COVID-19 Resource Page
Frequently Asked Questions About the Requirement to Wear Face Coverings
As of June 30, 2021 there is no longer a statewide requirement to wear face coverings in most settings. However, other federal, state, or local laws may require face coverings in some settings, and businesses may set their own requirements.
At this time, there have been no changes to the masking requirements in any healthcare settings. Information about healthcare worker masking recommendations can be found here.
CDC guidelines for healthcare workers can be found here.
Can Chiropractors Issue a Mask Exemption?
"If one of your patient asks you for a mask exemption and you give them one, you will need to have the following in case someone files a complaint against you:
- the knowledge and training to diagnose the patient with something that would need the exemption and be able to prove you have that knowledge.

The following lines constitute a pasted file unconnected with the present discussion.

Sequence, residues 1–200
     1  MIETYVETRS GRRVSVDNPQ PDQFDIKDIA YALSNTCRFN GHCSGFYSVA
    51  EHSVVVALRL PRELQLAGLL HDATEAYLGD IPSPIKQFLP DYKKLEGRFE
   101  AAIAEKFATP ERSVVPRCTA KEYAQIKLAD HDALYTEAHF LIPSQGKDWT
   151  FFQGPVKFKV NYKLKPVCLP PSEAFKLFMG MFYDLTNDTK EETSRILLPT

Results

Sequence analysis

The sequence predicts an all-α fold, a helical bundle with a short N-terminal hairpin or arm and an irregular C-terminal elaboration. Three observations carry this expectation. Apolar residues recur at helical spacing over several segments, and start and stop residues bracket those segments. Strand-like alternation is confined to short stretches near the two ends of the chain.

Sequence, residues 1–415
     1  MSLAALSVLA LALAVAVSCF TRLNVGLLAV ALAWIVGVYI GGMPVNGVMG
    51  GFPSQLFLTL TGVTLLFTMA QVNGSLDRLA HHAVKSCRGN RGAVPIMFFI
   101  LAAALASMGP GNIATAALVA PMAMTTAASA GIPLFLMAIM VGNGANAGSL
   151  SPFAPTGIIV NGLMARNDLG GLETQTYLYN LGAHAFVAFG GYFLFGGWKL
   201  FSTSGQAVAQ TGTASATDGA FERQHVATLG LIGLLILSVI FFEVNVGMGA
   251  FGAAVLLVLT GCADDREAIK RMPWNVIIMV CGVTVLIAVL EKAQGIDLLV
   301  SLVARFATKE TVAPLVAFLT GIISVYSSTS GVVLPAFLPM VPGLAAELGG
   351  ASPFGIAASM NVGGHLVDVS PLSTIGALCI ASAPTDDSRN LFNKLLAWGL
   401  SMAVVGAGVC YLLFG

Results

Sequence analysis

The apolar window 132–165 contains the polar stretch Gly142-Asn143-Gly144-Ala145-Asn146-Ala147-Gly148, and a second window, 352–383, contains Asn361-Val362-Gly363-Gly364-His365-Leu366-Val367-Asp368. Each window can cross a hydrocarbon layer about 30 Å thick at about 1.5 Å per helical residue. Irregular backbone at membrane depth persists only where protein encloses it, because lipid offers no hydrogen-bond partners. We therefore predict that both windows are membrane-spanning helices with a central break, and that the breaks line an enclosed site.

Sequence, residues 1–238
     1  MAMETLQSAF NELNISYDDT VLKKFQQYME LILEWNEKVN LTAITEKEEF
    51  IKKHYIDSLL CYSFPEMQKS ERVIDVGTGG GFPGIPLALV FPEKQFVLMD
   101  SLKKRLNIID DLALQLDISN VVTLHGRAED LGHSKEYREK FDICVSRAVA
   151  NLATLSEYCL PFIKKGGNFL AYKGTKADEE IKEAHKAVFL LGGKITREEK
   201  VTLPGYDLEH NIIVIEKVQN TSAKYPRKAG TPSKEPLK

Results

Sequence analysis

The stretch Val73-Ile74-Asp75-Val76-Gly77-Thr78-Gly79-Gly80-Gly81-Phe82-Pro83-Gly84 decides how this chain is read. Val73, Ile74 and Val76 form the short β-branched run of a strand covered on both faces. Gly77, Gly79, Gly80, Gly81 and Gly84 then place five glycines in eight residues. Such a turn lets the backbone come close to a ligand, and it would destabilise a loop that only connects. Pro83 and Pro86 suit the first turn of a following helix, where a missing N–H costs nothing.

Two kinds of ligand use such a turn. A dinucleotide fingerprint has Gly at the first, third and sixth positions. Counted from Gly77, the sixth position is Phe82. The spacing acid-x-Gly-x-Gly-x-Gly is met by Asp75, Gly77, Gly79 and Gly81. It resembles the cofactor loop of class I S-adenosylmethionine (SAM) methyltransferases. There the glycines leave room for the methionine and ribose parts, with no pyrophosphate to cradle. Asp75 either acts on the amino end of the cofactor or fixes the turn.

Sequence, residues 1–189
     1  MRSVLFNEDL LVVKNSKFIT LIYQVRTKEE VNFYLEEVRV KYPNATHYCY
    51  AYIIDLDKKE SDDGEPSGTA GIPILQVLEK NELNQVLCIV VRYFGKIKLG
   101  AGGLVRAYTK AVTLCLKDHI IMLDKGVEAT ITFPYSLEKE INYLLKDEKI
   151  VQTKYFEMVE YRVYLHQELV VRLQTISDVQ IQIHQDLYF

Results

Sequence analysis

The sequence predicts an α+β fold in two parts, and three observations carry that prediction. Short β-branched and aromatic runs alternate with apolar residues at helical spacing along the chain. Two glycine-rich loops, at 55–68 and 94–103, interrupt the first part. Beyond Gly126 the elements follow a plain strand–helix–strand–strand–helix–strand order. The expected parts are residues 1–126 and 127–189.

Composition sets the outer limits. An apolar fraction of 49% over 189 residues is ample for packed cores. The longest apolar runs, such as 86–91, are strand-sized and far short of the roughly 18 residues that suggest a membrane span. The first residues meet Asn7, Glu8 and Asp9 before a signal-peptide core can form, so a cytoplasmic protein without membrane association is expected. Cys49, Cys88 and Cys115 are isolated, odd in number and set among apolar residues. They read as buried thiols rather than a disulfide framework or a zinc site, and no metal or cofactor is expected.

- you will have to have chiropractic patient records showing the diagnosis and need for the exemption.
- Since you are a chiropractor, the patient records should show chiropractic need, or you may be considered to be practicing outside of the Scope of Chiropractic.
- You will need that proof in case someone files a complaint against you for issuing a mask exemption.
Please be aware that even if you have the above, and give the patient the exemption, there is no requirement for any establishment to accept it. Please see the Below State of Minnesota Statute, 148.08 to see the legal authority you have in regards to signing health records.